Dialogue Journals: A Way to Personalize Communication in a Foreign Language


  • Debra Popkin

    1. Baruch College, CUNY
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      Debra Popkin (Ph.D., Columbia University) is Associate Professor of Romance Languages at Baruch College (CUNY), and Project Director of the Dartmouth Intensive Language Model at Baruch College; New York, NY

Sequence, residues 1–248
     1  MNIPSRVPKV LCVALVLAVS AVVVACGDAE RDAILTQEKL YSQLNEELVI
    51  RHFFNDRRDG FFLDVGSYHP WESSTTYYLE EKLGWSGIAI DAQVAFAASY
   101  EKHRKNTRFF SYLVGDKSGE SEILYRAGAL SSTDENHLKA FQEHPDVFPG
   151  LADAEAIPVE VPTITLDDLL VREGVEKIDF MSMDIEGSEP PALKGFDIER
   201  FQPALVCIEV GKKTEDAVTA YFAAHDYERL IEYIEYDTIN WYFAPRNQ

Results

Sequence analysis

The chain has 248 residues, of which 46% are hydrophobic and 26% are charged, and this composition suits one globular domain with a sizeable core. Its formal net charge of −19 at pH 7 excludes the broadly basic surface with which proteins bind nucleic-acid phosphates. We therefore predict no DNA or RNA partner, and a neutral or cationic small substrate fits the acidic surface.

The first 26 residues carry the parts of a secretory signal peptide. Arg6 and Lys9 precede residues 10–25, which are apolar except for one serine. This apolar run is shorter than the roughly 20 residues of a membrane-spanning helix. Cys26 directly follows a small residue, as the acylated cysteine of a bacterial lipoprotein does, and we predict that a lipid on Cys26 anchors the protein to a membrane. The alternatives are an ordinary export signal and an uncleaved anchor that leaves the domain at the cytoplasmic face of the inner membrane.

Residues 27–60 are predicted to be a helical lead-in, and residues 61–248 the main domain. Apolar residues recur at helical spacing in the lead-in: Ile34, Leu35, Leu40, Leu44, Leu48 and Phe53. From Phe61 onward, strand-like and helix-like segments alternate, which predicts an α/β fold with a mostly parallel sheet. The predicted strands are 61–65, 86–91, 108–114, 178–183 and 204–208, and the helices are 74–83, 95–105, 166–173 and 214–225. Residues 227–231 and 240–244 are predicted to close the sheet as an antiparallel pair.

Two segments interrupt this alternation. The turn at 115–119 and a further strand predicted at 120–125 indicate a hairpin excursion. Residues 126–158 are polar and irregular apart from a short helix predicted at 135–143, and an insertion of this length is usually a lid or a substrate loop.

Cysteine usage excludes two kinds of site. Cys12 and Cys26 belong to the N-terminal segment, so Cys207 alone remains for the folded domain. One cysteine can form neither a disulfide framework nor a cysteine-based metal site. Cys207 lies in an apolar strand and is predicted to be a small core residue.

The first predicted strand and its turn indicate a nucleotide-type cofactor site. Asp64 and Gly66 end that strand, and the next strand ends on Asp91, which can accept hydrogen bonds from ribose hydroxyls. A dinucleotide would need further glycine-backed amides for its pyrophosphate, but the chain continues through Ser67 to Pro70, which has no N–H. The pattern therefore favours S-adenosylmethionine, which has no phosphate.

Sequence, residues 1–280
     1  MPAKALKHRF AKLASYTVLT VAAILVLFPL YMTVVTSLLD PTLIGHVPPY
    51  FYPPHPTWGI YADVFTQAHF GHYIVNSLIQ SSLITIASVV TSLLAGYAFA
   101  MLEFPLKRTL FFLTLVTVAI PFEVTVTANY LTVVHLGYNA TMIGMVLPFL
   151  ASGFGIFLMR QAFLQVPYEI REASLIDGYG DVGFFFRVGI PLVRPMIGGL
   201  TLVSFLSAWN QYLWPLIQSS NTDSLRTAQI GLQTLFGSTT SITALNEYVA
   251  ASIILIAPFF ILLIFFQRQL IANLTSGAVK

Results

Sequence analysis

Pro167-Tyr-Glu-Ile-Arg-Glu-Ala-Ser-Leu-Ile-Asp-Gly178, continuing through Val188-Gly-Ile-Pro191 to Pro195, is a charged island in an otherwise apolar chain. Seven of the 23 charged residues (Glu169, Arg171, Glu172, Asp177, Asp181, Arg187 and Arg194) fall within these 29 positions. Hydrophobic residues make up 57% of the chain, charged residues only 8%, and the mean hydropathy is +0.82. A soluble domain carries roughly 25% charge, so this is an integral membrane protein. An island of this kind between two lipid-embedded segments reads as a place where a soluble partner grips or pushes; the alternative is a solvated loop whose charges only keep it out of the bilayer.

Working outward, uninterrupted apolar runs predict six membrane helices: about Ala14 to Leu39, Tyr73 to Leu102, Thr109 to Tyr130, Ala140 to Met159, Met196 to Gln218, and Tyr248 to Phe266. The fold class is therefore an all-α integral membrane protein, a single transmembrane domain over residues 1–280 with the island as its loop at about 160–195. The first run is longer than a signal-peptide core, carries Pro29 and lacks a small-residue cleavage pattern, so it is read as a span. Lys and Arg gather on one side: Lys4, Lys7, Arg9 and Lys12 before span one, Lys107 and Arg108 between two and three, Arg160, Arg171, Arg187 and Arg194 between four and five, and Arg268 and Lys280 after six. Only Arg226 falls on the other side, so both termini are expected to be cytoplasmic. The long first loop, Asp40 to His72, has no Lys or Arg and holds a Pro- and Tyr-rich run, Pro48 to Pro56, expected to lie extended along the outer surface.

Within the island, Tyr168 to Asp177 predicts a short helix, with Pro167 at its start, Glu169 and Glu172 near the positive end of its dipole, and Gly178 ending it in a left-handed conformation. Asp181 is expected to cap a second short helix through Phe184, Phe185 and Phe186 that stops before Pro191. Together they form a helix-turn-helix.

ABSTRACT Student journals have been widely used to encourage self-expression in elementary school classes and in English as well as ESL courses at the secondary and university levels. In an effort to individualize (eaching, foreign language instructors can also use journals to carry on a continuous dialogue with each student. The instructor writes comments about the topic that the individual student has chosen and also corrects vocabulary, grammatical, and idiomatic errors after each journal entry. These “dialogue journals” are ideal for personalizing communication in foreign language courses and can be used on elementary, intermediate, and advanced levels. This article explains how to implement “dialogue journals” in a typical second-semester French class, where, with the help of a diary, students can apply recently acquired grammatical structures and idioms to express their own concerns and interests. Students gain self-confidence and freedom of expression by writing informally about topics that are of personal interest to them. The journals are a perfect supplement to the artificial dialogues and standardized reading passages of many foreign language textbooks. Practical guidelines for journal assignments are provided, and sample journal entries illustrate how successful the results can be.